Trump also boasted that he had better approval ratings among Republicans at this point in her first administration than President Abraham Lincoln, even though public opinion polling wasn’t invented until the 1930s, and surely ranks higher at the moment than Trump. Trump even claimed that he had “doubled and tripled” America’s gross domestic product in a mere 17 months, an obvious absurdity which is only off by $40 trillion dollars or so. If Trump truly had tripled the GDP in his short term, even such skeptics as ourselves would forgive everything else and put him a notch above that gangly guy who saved the Union.
Today Trump will have a very private meeting that Russian dictator, which he’d predicted would be the easiest of them all, and he might yet pull off a diplomatic masterstroke that will wow us and the the rest of the press. He’s assured a rally crowd where he led a chorus of boos against dying Republican Senator and bona fide war hero John McCain that “Putin’s fine, he’s people,” and after “tweeting” that a special counsel’s indictments of yet another 12 Russian officials for meddling in America’s past presidential campaign is still a “witch hunt,” and we don’t see him getting any great deals from Putin.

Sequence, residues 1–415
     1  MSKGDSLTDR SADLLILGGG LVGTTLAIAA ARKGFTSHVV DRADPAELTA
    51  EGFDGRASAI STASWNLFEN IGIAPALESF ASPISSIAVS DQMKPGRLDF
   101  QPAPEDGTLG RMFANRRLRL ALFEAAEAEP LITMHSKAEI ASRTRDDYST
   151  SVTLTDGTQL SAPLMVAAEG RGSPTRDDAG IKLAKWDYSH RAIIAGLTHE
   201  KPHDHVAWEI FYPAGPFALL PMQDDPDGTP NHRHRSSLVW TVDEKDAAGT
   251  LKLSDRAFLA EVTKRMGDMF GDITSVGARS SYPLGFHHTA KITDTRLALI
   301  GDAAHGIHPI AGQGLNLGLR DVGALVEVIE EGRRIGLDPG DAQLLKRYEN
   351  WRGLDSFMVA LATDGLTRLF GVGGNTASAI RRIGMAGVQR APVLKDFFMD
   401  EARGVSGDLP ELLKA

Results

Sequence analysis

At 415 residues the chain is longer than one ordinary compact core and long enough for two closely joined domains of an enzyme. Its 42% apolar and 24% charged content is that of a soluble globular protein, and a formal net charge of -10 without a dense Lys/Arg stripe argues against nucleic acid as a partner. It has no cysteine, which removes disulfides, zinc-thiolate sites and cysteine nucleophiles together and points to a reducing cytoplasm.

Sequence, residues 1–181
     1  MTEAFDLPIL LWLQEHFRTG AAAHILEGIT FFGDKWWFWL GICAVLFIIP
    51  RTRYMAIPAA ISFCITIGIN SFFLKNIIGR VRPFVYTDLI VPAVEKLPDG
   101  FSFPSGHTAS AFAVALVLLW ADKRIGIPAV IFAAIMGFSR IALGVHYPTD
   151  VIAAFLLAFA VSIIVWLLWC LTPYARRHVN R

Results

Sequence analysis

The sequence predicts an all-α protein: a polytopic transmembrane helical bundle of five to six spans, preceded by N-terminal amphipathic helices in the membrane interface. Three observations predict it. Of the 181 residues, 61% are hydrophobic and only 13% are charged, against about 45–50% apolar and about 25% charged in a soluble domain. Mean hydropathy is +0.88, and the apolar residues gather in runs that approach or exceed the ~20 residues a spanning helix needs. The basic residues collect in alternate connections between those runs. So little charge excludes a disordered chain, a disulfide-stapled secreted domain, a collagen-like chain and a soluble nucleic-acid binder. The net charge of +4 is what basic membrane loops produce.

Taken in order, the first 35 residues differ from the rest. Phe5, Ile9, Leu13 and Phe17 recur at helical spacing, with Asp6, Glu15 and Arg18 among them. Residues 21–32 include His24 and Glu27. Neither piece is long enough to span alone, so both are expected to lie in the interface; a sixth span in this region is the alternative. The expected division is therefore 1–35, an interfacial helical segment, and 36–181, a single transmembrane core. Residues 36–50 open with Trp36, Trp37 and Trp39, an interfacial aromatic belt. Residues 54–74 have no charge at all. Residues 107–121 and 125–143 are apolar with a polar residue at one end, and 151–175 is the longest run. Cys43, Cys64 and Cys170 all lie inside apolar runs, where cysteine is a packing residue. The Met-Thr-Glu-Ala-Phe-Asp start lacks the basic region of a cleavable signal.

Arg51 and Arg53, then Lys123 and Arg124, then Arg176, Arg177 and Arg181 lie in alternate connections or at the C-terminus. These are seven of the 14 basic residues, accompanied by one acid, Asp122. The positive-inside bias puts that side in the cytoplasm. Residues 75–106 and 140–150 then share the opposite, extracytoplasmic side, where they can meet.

Stonehenge still stands, though, and we hold out some hope for the rest of our longstanding civilization.

— Bud Norman

Strzok’s Star Turn

Federal Bureau of Investigation agent Peter Strzok has played a prominent and intriguing supporting role in the ongoing “Russia thing” reality show since its debut, but on Thursday he had a star turn in one of the series’ most watchable episodes when he testified before a testy and televised congressional joint committee meeting. Depending on whether you’ve been following the story through Fox News and talk radio or the other broadcast news networks and the last of the big newspapers, Strzok fared very well or very badly.